Discover Edmonton’s exciting burlesque scene, and get inspired by Delia Barnet (LeTabby Lexington) of Send in the Girls. We had the pleasure of chatting with her about being a performer, a history nerd, and beyond judgement.
What do you think is the biggest misconception about the burlesque scene?
I think people assume it’s tawdry. Yes, striptease is a strong element in the art, but burlesque comes from an Italian word that means “to satirize or make strange.” It’s all larger than life—very playful in nature. To me, burlesque is also a political action. In our society, I feel women are looked down upon for their bodies… if they feel good about themselves, people need to tear them down. In burlesque, I’m beyond judgement—a strong woman who doesn’t fear judgement for her body. Burlesque is all about safe spaces and is super politically progressive.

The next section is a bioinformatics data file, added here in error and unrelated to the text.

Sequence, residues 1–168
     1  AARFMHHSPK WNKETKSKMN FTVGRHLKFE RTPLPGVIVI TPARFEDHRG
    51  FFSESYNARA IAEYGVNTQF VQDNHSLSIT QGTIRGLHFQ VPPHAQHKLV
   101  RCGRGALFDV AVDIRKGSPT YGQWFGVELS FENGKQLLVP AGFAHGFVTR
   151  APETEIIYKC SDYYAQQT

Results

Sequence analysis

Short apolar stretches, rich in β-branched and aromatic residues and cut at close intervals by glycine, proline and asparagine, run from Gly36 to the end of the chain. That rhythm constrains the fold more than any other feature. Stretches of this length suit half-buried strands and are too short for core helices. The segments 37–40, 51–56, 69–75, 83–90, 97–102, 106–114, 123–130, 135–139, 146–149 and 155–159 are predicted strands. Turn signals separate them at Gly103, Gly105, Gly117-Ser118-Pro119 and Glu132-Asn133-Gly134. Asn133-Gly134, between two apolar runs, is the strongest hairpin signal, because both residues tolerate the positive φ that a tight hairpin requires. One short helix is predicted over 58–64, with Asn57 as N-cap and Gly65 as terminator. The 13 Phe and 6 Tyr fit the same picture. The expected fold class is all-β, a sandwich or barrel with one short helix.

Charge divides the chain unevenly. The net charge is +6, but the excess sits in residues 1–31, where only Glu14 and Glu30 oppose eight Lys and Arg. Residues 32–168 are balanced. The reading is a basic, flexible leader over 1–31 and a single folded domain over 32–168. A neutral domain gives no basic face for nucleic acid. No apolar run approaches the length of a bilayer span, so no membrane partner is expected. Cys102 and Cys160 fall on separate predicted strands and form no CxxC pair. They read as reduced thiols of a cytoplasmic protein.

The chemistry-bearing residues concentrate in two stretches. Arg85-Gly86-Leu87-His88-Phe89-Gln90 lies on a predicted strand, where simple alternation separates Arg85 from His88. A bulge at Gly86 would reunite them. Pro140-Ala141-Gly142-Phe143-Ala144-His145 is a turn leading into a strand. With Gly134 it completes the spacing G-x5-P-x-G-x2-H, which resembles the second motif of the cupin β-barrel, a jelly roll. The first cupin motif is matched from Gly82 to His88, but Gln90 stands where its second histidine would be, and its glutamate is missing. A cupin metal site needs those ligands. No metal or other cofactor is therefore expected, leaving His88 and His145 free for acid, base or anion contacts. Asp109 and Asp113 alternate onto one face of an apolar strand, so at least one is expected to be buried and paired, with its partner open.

What would you tell someone who’s shy about attending their first show?
Burlesque has great variety—something that will speak to everyone each show… one member or performer you will love. You also won’t get dragged on stage without your consent. You are safe in your seat!
Burlesque is known for its political and social commentary. What’s some of the subject matter you tackle?
I like to give voice to women who have been ignored in history. But I also like to create acts about body size. My body is far from the “quote unquote” ideal. I’ve done an act where I get trapped in measuring tapes, then break free and hit my stomach so it shakes along with the music. I’ve had audience members come up to me afterwards to talk about their “flaws,” scars, etc. I love hearing people say that they feel comfortable in their underwear because the performers are comfortable in theirs.
—Carmen D. Hrynchuk
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